Control valve assembly for electro-hydraulic steering system

Abstract

A steering system includes a fluid pump and an electro-hydraulic steering circuit in selective fluid communication with the fluid pump. The electro-hydraulic steering circuit defines a first flow path having a first proportional valve and a first load-sense passage in selective communication with the first proportional valve. The first proportional valve includes a closed position. A hydrostatic steering circuit is in selective fluid communication with the fluid pump and defines a second flow path having a second proportional valve and a second load-sense passage in selective fluid communication with the second proportional valve. The second flow path is in a parallel flow configuration with the first flow path. An isolation valve is disposed in the first flow path in series with the first proportional valve. The isolation valve includes a closed position and is piloted to the closed position by fluid communicated through the second load-sense passage.

Claims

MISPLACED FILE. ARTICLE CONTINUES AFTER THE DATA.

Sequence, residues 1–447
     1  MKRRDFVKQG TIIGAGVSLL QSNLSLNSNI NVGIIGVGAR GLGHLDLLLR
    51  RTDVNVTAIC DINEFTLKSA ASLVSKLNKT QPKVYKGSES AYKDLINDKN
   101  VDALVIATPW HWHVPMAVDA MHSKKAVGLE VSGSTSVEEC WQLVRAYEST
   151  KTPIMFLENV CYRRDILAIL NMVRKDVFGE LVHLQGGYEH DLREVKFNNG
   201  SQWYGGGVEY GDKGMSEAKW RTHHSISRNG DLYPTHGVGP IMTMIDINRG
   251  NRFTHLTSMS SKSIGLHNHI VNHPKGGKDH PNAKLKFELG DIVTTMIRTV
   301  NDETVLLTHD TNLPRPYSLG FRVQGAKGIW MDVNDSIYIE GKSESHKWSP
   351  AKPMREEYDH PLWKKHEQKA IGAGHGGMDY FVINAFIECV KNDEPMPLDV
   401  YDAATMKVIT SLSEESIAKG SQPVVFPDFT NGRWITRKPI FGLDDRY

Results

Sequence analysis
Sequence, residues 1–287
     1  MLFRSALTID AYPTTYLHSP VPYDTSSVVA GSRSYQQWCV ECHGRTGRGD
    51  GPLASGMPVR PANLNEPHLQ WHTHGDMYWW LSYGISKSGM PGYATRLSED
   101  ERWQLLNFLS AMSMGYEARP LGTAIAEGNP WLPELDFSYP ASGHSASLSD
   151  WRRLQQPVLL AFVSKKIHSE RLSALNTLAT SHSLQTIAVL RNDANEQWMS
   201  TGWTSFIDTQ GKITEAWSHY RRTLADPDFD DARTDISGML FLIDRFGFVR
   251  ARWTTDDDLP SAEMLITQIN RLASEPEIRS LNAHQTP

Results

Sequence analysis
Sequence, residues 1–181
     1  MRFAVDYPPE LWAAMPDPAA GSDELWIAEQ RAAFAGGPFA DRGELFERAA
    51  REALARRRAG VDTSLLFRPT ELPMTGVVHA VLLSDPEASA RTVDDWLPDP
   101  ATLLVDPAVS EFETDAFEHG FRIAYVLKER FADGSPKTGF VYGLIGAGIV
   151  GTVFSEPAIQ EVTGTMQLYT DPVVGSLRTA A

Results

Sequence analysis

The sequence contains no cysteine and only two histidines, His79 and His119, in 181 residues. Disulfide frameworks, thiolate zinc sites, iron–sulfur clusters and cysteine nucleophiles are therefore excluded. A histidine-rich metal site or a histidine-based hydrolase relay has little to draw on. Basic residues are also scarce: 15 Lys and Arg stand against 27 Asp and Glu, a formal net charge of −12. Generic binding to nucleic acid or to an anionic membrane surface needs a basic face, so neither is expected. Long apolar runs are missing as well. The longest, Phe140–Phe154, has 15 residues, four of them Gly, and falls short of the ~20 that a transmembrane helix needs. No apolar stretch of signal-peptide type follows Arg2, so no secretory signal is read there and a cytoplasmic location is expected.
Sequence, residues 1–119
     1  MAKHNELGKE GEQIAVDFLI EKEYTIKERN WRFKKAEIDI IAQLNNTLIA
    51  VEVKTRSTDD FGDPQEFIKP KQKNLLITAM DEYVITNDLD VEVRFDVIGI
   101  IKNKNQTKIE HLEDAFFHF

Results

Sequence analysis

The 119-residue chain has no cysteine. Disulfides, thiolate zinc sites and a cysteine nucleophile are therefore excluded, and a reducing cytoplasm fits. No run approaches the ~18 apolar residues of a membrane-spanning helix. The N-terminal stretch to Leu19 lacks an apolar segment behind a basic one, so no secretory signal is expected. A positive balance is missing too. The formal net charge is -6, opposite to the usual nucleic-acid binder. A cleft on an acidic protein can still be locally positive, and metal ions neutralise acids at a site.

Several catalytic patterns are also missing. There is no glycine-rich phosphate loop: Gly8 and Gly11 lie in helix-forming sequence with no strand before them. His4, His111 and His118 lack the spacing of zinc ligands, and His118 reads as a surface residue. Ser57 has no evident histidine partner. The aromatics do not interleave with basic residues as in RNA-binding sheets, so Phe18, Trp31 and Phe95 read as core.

1 . A control valve assembly for an electro-hydraulic steering system comprising: a first flow path having a fluid inlet, a fluid outlet, a first actuation outlet and a second actuation outlet, wherein the first flow path is adapted to communicate fluid between the fluid inlet, the fluid outlet and the first and second actuation outlets; and an isolation valve system disposed in the first flow path and being adapted to provide selective fluid communication between the fluid inlet and one of the first and second actuation outlets, the isolation valve system including an isolation valve having a first end and a second end, the isolation valve being adapted for actuation to a closed position by fluid communicated to the first end from a second flow path in a parallel flow configuration with the first flow path, wherein the isolation valve system provides priority to the second flow path. 2 . A control valve assembly for an electro-hydraulic steering system as claimed in claim 1 , further comprising a proportional valve disposed in the flow path, the proportional valve having a closed position and being adapted to provide selective fluid communication between the fluid inlet and one of the first and second actuation outlets, wherein the proportional valve is disposed in series with the isolation valve. 3 . A control valve assembly for an electro-hydraulic steering system as claimed in claim 2 , wherein the isolation valve is disposed in the flow path between the proportional valve and the first and second actuation outlets. 4 . A control valve assembly for an electro-hydraulic steering system as claimed in claim 1 , wherein the isolation valve system includes a spring disposed at the first end of the isolation valve. 5 . A control valve assembly for an electro-hydraulic steering system as claimed in claim 1 , wherein the isolation valve system includes a pressure reducing valve for reducing the pressure of fluid piloting the second end of the isolation valve. 6 . A control valve assembly for an electro-hydraulic steering system as claimed in claim 1 , further comprising a load-sense switching valve in selective fluid communication with a first load-sense passage in fluid communication with the first flow path and a second load-sense passage, the second load-sense passage being adapted to be in fluid communication with a second flow path, wherein the load-sense switching valve provides priority to the second flow path. 7 . A control valve assembly for an off-highway vehicle steering system comprising: a first flow path including a fluid inlet port, a fluid outlet port, a first actuation port and a second actuation port, wherein the first flow path defines a first load-sense passage; a proportional valve disposed in the first flow path between the fluid inlet port and the first and second actuation ports, wherein the proportional valve is adapted to provide selective fluid communication between the fluid inlet port and the first and second fluid actuation ports and between the fluid inlet and the first load-sense passage; and a load-sense switching valve in selective fluid communication with the first load-sense passage and a second load-sense passage, the second load-sense passage being adapted to be in fluid communication with a second flow path that is in a parallel flow configuration with the first flow path, wherein the load-sense switching valve is pilot operated. 8 . A control valve assembly for an off-highway vehicle steering system as claimed in claim 7 , wherein the load-sense switching valve is a two-position, three-way valve. 9 . A control valve assembly for an off-highway vehicle steering system as claimed in claim 8 , wherein the load-sense switching valve is a solenoid valve. 10 . A control valve assembly for an off-highway vehicle steering system as claimed in claim 7 , wherein the proportional valve is a three-position, five-way valve. 11 . A control valve assembly for an off-highway vehicle steering system as claimed in claim 10 , wherein the proportional valve includes a closed position. 12 . A control valve assembly for an off-highway vehicle steering system as claimed in claim 11 , wherein the proportional valve is spring biased to the closed position. 13 . A steering system comprising: a fluid pump; an electro-hydraulic steering circuit in selective fluid communication with the fluid pump, the electro-hydraulic steering circuit defining a first flow path having a first proportional valve and a first load-sense passage in selective fluid communication with the first proportional valve, wherein the first proportional valve includes a closed position; a hydrostatic steering circuit in selective fluid communication with the fluid pump, the hydrostatic steering circuit defining a second flow path having a second proportional valve and a second load-sense passage in selective fluid communication with the second proportional valve, wherein the second flow path is in a parallel flow configuration with the first flow path; and an isolation valve disposed in the first flow path in series with the first proportional valve and having a closed position, wherein the isolation valve is piloted to the closed position by fluid communicated through the second load-sense passage. 14 . A steering system as claimed in claim 13 , further comprising a microcontroller for actuating the isolation valve to an open position. 15 . A steering system as claimed in claim 13 , wherein the isolation valve includes a first end in fluid communication with the load-sense passage and a second end in fluid communication with a pressure reducing valve and a pilot valve, wherein fluid communicated to the second end of the isolation valve actuates the isolation valve into an open position. 16 . A steering system as claimed in claim 15 , wherein the pressure reducing valve is in fluid communication with the fluid pump. 17 . A steering system as claimed in claim 16 , wherein the pressure reducing valve reduces the pressure to the fluid to less than or equal to about 500 psi. 18 . A steering system as claimed in claim 13 , further comprising a load-sense priority valve being in fluid communication with the fluid pump and being in selective fluid communication with the electro-hydraulic and hydrostatic steering circuits and an auxiliary circuit. 19 . A steering system as claimed in claim 18 , further comprising a load-sense switching valve in selective fluid communication with the first and second load-sense passages and the load-sense priority valve. 20 . A steering system as claimed in claim 19 , wherein the load-sense switching valve includes a first end and a second end with the first and second ends being pilot operated.